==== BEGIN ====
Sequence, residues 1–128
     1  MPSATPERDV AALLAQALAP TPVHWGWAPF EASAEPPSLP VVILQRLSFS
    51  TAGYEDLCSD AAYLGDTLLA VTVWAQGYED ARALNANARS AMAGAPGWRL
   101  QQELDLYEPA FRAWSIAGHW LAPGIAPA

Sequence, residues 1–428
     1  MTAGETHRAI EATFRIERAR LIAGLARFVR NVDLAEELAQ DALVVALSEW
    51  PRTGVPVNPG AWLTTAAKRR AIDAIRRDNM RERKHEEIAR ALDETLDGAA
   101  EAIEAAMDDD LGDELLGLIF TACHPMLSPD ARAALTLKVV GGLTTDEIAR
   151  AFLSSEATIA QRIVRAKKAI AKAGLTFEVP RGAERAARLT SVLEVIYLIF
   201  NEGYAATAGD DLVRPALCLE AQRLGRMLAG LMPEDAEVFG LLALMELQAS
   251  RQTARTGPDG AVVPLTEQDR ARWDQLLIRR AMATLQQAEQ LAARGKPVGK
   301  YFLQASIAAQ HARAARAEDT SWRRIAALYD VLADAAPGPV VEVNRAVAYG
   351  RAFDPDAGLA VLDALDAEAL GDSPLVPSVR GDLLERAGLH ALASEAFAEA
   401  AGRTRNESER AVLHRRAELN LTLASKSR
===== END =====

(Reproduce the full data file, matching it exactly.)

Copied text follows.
Sequence, residues 1–128
     1  MPSATPERDV AALLAQALAP TPVHWGWAPF EASAEPPSLP VVILQRLSFS
    51  TAGYEDLCSD AAYLGDTLLA VTVWAQGYED ARALNANARS AMAGAPGWRL
   101  QQELDLYEPA FRAWSIAGHW LAPGIAPA

Sequence, residues 1–428
     1  MTAGETHRAI EATFRIERAR LIAGLARFVR NVDLAEELAQ DALVVALSEW
    51  PRTGVPVNPG AWLTTAAKRR AIDAIRRDNM RERKHEEIAR ALDETLDGAA
   101  EAIEAAMDDD LGDELLGLIF TACHPMLSPD ARAALTLKVV GGLTTDEIAR
   151  AFLSSEATIA QRIVRAKKAI AKAGLTFEVP RGAERAARLT SVLEVIYLIF
   201  NEGYAATAGD DLVRPALCLE AQRLGRMLAG LMPEDAEVFG LLALMELQAS
   251  RQTARTGPDG AVVPLTEQDR ARWDQLLIRR AMATLQQAEQ LAARGKPVGK
   301  YFLQASIAAQ HARAARAEDT SWRRIAALYD VLADAAPGPV VEVNRAVAYG
   351  RAFDPDAGLA VLDALDAEAL GDSPLVPSVR GDLLERAGLH ALASEAFAEA
   401  AGRTRNESER AVLHRRAELN LTLASKSR